Arjun runs to Meera and tells them that they have to get out of here. These are not village idiots; they are fucking butchers. Meera yells at him for going on this fool’s mission in the first place. They encounter Chhotey and Arjun points the gun at him. Meera understands that Chhotey is a rather gentle soul and has diminished mental capacities, despite being with the group of men. She tells Arjun to put the gun down. But Arjun is too full of fear and rage to listen, not even noticing how Chhotey is reacting. Arjun is about to shoot him when the other men come up from behind and hit Arjun over the head.
Now the two of them are captives. And perhaps murder victims. Unless they can escape.
Despite a few times where the music overtakes the audio (one of which towards the end I would have rather not have been there), this movie takes a rather naturalistic tone. Yeah, I know, that is not something that one might automatically associate with Indian movies, but this would not be the first of its kind that I have featured in this series. That said, this movie really could have gone all bombastic in its storytelling, and I appreciate how it did not go in that direction. And that, aside from the songs (not singing and dancing, just music), there are few outright attempts to reach out to the Masala crowd.
This attempt to remain natural particularly extends to the cast. No, not all of them get fully fleshed out, and I am not sure exactly how accurate the portrayal of Chhotey is. Actually, I am not sure how “realistic” or fair the presentation of the characters are. Still, pretty much every character comes across as just normal. Even when they are acting at 110%, they are not larger than life, they are just life. The believability makes what happens, including the action scenes, seem more immediate and intense.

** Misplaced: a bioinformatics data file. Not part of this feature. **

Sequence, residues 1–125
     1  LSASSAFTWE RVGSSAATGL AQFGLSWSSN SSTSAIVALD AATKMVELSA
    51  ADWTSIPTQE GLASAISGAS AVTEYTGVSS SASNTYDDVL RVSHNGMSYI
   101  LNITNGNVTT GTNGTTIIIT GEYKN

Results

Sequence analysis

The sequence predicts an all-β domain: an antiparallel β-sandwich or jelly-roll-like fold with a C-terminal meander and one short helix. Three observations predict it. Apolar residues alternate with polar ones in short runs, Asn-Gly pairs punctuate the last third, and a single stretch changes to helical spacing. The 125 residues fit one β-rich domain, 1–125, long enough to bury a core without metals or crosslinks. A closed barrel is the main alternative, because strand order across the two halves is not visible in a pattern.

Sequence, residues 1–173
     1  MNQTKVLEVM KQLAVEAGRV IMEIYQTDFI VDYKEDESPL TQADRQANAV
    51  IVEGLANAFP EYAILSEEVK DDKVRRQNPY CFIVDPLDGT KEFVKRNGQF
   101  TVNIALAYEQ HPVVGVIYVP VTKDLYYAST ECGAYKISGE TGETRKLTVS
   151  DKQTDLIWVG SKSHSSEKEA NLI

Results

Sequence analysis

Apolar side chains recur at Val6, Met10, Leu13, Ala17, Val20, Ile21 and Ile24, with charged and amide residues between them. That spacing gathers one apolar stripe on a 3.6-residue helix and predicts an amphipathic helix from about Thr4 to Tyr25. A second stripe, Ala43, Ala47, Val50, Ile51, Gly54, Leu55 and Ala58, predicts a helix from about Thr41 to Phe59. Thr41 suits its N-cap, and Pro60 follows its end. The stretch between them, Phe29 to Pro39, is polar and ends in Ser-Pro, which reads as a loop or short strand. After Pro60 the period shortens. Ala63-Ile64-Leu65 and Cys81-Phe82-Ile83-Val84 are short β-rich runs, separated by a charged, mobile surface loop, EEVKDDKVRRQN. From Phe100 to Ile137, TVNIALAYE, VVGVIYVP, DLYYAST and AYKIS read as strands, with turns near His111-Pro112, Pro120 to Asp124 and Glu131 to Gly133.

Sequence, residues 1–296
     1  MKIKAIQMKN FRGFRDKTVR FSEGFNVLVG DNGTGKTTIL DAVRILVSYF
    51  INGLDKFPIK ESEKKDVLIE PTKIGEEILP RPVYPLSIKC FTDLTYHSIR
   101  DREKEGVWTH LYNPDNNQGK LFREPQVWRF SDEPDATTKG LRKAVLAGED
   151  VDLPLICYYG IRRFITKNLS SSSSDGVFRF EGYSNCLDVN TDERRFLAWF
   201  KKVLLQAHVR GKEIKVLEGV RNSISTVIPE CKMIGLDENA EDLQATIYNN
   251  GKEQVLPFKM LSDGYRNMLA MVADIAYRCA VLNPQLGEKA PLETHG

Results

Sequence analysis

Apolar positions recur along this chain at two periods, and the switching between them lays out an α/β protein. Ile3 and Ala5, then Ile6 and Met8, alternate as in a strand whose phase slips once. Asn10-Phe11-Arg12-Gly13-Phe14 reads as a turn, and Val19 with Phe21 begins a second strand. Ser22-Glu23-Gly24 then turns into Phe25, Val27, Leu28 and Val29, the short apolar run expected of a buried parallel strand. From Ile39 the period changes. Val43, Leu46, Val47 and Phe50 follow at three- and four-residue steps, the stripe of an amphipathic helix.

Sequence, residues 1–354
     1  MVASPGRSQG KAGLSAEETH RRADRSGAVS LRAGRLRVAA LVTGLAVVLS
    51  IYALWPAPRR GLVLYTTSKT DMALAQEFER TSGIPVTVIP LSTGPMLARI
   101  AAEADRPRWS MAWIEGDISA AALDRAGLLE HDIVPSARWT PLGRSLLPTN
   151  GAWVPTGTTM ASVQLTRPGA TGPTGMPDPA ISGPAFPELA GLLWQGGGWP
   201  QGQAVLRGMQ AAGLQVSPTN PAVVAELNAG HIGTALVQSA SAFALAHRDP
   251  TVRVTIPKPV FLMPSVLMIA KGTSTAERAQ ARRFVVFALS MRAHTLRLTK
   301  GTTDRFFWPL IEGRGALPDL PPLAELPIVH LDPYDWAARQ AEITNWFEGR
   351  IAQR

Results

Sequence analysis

I love the relationship between Meera and Arjun. Not being a love story, the two are already married. You can see that they have history and know each other better than anyone. Their marriage is not perfect and there are tiny cracks that one might notice even from the beginning, but nothing that would break them. This is just how they are years after the honeymoon stage. It is not romantic, it is believable.
Much of this can be said about the bad guys of the piece. Except for one bit-character in a scene that definitely leaves quite an impact, none of them are portrayed as mustache-twirling villains with big sneering speeches about this and that. It is not about them having positive aspects or even understandable motivations, but that they seem human…dangerously human. They are not bent on world domination; they don’t even seem to really have a plan. It seems more like Satbir, full of righteous rage and humiliation, drags some of his family members along to hunt for his sister and her husband. After all, why else would they bring Chhotey along? The others seem perfectly fine with doling out violence, but they don’t quite have the drive that Satbir does. He may tell himself that he does not want to hurt his sister, but obligation demands it. And he takes out his anger on her for forcing him to fulfill such obligations. His anger is compounded, and his cruelty is just a sign of his anger at the violation. And, no, applying abuser’s justification for his actions is not a stretch when it comes to his character. These men are not super-criminals, they a bunch of bickering and sometimes bumbling men, desperate to set things right even as they are spiraling out of control.
And what does setting things right mean? Well…